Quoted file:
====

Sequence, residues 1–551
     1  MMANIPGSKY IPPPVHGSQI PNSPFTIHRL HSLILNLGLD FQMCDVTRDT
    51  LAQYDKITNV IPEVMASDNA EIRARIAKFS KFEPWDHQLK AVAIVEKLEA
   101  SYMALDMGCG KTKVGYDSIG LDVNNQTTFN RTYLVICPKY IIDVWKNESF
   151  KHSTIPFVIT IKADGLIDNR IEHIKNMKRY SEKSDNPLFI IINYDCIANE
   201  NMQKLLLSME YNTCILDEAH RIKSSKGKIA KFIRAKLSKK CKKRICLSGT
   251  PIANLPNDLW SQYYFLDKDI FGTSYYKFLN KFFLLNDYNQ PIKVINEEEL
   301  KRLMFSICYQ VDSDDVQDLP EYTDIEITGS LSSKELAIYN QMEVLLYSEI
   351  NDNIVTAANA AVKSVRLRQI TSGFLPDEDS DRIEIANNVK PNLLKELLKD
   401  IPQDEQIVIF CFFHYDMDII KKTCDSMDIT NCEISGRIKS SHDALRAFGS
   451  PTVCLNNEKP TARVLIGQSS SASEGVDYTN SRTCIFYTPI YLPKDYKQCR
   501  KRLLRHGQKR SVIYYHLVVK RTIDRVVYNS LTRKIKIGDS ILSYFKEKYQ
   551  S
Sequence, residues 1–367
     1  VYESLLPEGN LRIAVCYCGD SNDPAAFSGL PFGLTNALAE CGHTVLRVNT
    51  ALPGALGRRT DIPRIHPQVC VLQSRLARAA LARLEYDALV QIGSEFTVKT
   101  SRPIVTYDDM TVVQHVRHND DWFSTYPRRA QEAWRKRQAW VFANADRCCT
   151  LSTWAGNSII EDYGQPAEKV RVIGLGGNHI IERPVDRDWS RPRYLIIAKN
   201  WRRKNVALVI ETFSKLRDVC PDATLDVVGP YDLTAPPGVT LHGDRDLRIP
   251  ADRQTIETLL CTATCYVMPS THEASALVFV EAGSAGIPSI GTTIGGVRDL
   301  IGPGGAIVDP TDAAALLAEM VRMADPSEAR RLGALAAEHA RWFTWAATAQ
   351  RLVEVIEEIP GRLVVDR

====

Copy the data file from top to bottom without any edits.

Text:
Sequence, residues 1–551
     1  MMANIPGSKY IPPPVHGSQI PNSPFTIHRL HSLILNLGLD FQMCDVTRDT
    51  LAQYDKITNV IPEVMASDNA EIRARIAKFS KFEPWDHQLK AVAIVEKLEA
   101  SYMALDMGCG KTKVGYDSIG LDVNNQTTFN RTYLVICPKY IIDVWKNESF
   151  KHSTIPFVIT IKADGLIDNR IEHIKNMKRY SEKSDNPLFI IINYDCIANE
   201  NMQKLLLSME YNTCILDEAH RIKSSKGKIA KFIRAKLSKK CKKRICLSGT
   251  PIANLPNDLW SQYYFLDKDI FGTSYYKFLN KFFLLNDYNQ PIKVINEEEL
   301  KRLMFSICYQ VDSDDVQDLP EYTDIEITGS LSSKELAIYN QMEVLLYSEI
   351  NDNIVTAANA AVKSVRLRQI TSGFLPDEDS DRIEIANNVK PNLLKELLKD
   401  IPQDEQIVIF CFFHYDMDII KKTCDSMDIT NCEISGRIKS SHDALRAFGS
   451  PTVCLNNEKP TARVLIGQSS SASEGVDYTN SRTCIFYTPI YLPKDYKQCR
   501  KRLLRHGQKR SVIYYHLVVK RTIDRVVYNS LTRKIKIGDS ILSYFKEKYQ
   551  S
Sequence, residues 1–367
     1  VYESLLPEGN LRIAVCYCGD SNDPAAFSGL PFGLTNALAE CGHTVLRVNT
    51  ALPGALGRRT DIPRIHPQVC VLQSRLARAA LARLEYDALV QIGSEFTVKT
   101  SRPIVTYDDM TVVQHVRHND DWFSTYPRRA QEAWRKRQAW VFANADRCCT
   151  LSTWAGNSII EDYGQPAEKV RVIGLGGNHI IERPVDRDWS RPRYLIIAKN
   201  WRRKNVALVI ETFSKLRDVC PDATLDVVGP YDLTAPPGVT LHGDRDLRIP
   251  ADRQTIETLL CTATCYVMPS THEASALVFV EAGSAGIPSI GTTIGGVRDL
   301  IGPGGAIVDP TDAAALLAEM VRMADPSEAR RLGALAAEHA RWFTWAATAQ
   351  RLVEVIEEIP GRLVVDR